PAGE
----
One of the sources of the concept of an ‘international’ art is the socialist theory of a worldwide human community, and socialism, in its different forms, has been the idea shaping the work of many individuals and movements. Sometimes it has been associated with conservative tendencies, as in the Soviet Union, where, after the brief innovative episode of Constructivism, there was a move to Socialist Realism with its nineteenth-century roots. The same style was then taken up by many other countries in the Russian orbit, and when China became Communist in 1948 it, too, adapter the same mode until after the Cultural Revolution. Sometimes socialism has been associated with more progressive tendencies, as with the worldwide post-Second World War diffusion of architecture in concrete, a material untainted by elitist associations and inherently sharing properties with the ‘masses’. Le Corbusier was the leader in this trend but he also had many local followers, such as Oscar Niemeyer in Brasilia. Other types of art driven by socialist political ideas were the more aggressive mural art of the Sandinistas in Nicaragua and the softer, but still threatening, art of Latinos in the United States. Less necessarily political has been the much longer tradition of Black or African-American art, which now has its parallels in Britain and elsewhere and in art of People of Colour by immigrants from Asia and Africa. Another art which may be more or less political is that driven by the idea of feminism, which emerged strongly in the United States in the 1960s and 1970s, before manifesting itself in most other countries in an effort to reclaim an activity from which women have been systematically excluded. Around the world art has now been harnessed to a myriad causes or ‘ideas’.

Finally, there are categories of art that relate to an idea embedded in art-making itself. Dada set out to smash artistic norms, while Surrealism, taking its cue from Sigmund Freud's writing on dreams, sought to give all forms of creativity a new starting point in the unconscious. These two connected movements were centered on Europe and the United States, the post-Second World War Conceptual Art—which typically argues that art is less about making, and more about an idea—has, from the beginning, engaged artists worldwide. Its success, like that of so-called Post-Modernist art, often depends on the use of different technologies, videos, lights, lasers, and even containers of formaldehyde. As such it illustrates to what extent, by 2000, art was often only an idea embedded in a technology.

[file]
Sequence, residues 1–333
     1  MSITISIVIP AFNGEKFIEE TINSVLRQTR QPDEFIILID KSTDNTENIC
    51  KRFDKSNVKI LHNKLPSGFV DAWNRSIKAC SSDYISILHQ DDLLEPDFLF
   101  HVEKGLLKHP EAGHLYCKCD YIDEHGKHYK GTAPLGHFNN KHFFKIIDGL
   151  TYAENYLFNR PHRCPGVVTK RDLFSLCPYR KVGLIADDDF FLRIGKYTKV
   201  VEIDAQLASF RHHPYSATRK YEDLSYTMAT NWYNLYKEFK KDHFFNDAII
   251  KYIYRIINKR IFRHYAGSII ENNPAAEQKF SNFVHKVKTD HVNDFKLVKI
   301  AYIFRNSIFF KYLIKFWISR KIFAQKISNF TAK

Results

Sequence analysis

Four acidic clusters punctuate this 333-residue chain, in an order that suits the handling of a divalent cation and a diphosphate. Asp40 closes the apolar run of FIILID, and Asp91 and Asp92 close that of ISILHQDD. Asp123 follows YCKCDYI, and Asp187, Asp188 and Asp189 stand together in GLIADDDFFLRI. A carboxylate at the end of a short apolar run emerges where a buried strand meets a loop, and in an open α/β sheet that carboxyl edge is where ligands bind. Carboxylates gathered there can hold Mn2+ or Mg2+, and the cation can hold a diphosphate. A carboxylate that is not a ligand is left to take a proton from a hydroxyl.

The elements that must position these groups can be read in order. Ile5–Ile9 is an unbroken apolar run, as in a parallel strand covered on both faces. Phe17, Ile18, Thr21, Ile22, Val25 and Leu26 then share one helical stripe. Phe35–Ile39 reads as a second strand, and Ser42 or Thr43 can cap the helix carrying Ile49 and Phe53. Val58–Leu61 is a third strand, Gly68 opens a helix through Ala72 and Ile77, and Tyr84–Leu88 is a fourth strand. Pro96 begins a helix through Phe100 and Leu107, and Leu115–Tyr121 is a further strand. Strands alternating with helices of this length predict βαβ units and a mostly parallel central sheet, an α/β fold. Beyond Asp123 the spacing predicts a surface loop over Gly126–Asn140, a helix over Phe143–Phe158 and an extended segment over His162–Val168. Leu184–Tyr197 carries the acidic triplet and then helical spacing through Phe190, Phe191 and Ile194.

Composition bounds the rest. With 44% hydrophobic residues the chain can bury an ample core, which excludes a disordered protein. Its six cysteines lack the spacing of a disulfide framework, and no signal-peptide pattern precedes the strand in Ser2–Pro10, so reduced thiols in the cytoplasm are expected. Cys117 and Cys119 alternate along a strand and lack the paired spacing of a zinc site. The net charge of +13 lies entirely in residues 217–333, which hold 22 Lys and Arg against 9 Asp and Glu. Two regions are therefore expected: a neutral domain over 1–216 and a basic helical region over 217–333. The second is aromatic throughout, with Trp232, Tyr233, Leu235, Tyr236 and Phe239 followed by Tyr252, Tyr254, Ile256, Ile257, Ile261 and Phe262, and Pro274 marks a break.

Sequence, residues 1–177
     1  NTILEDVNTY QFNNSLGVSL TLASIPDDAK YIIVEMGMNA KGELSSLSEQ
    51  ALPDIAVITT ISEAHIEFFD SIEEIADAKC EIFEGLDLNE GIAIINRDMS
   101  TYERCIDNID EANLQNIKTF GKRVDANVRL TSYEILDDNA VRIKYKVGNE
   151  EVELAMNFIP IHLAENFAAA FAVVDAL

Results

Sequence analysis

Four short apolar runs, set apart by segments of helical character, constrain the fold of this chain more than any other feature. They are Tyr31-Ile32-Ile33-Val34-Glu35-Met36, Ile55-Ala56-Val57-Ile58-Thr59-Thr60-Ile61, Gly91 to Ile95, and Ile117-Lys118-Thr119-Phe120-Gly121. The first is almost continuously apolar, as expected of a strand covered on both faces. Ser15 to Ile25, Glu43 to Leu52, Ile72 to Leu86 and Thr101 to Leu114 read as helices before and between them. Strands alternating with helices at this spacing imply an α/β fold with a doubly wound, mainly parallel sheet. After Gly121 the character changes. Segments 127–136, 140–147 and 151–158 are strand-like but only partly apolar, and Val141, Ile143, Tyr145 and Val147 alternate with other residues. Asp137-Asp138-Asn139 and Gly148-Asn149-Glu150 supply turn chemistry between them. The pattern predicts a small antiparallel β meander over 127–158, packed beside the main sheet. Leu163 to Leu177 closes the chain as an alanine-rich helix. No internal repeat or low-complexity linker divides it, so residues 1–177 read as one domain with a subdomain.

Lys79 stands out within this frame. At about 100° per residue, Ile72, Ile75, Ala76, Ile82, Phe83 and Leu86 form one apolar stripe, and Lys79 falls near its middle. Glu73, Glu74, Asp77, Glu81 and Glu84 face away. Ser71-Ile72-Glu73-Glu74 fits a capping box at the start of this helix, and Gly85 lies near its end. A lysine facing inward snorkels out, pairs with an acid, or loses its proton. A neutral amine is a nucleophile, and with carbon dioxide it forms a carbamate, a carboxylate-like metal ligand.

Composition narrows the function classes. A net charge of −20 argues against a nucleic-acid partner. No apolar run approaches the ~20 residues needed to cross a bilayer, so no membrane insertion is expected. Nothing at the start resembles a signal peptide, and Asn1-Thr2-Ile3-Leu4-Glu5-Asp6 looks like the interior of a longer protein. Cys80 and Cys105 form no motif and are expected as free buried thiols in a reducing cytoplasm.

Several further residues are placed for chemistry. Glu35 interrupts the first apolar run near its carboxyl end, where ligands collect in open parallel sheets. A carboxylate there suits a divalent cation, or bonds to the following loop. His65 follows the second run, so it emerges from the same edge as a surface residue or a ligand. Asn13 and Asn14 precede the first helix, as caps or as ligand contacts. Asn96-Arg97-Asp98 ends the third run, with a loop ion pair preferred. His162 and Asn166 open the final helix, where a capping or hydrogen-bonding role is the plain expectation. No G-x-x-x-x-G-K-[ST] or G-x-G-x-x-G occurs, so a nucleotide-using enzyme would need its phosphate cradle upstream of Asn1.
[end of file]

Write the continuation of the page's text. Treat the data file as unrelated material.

Excerpted from The Art Atlas by John Onians. Copyright © 2008 John Onians. Excerpted by permission of Abbeville Press.
All rights reserved. No part of this excerpt may be reproduced or reprinted without permission in writing from the publisher.
Excerpts are provided by Dial-A-Book Inc. solely for the personal use of visitors to this web site.

Table of Contents

Table of Contents from:
The Art Atlas



Art, Hunting and Gathering 40,000-5000 BC - John Onians
Early Ice Age Art 40,000-20,000 BC - Paul Bahn
Later Ice Age Art 20,000-10,000 BC - Paul Bahn
Postglacial Art 10,000-5000 BC - Paul Bahn


Art, Agriculture and Urbanization 5000-500 BC - John Onians
The World 10,000-3000 BC - Chris Scarre
The Americas 5000-500 BC - Frank Meddens
Europe 7000-2500 BC - Chris Scarre
Europe 2500-500 BC - Chris Scarre
The Aegean 2000-1000 BC - John Bennet
The Mediterranean 1000-500 BC - John Boardman
Africa 5000-500 BC - Peter Shinnie
The Nile Valley 3000-2000 BC - Christina Riggs
West Asia 3000-2000 BC - Paul Collins
West Asia 2000-500 BC - Paul Collins
Central and South Asia 5000-500 BC - Ruth Young
East Asia and China 5000-500 BC - Wang Tao
Japan and Korea 5000-500 BC - Simon Kaner
The Pacific and Indonesia 5000-500 BC - Robert Welsch


Art, War and Empire 500 BC-AD 600 - John Onians
Europe 500 BC-AD 300 - Timothy Taylor
The Aegean 500-300 BC- John Onians
The Eastern Mediterranean 500-100 BC - Martin Henig
The Western Mediterranean 500-100 BC - Martin Henig
The Mediterranean 100 BC-AD 100 - Martin Henig
The Mediterranean AD 100-300 - Martin Henig
Europe AD 300-600 - Martin Henig
Africa 500 BC-AD 600 - Peter Shinnie
The Nile Valley 500 BC-AD 300 - Christina Riggs
North Africa AD 300-600 - Ruth Leader-Newby

West Asia 500-300 BC - Elspeth Dusinberre
West Asia 300 BC-AD 600 - Murray Eiland
Central Asia 5000-500 BC - Ruth Young
East Asia and China 500 BC-AD 600 - Burzine Waghmar and Ruth Young
South Asia 500 BC-AD 600 - Naman Ahuja
China 500 BC-AD 600 - Wang Tao
Japan and Korea 500 BC-AD 600 - Simon Kaner
Southeast Asia 500 BC-AD 600 - Robert Welsch
The Pacific 500 BC-AD 600 - Robert Welsch


Art, Religion and the Ruler 600-1500 - John Onians
North America 600-1500 - Norman Bancroft-Hunt
Central America 600-1500 - Jeffrey Blomster
South America 600-1500 - Frank Meddens

Europe 600-800 - Lawrence Nees
Europe 800-1000 - Lawrence Nees
Eastern Europe and Southwest Asia 600-1500 - Barbara Zeitler
Northern Europe 1000-1200 - Alexandra Gajewsky
Southern Europe 1000-1200 - Alexandra Gajewsky
Northern Europe 1200-1300 - Benjamin Withers
Southern Europe 1200-1300 - Benjamin Withers
Northern Europe 1300-1500 - Thomas Tolley
Southern Europe 1300-1500 - Thomas Tolley
Italy 1300-1400 - Mary Hollingsworth
Italy 1400-1500 - Mary Hollingsworth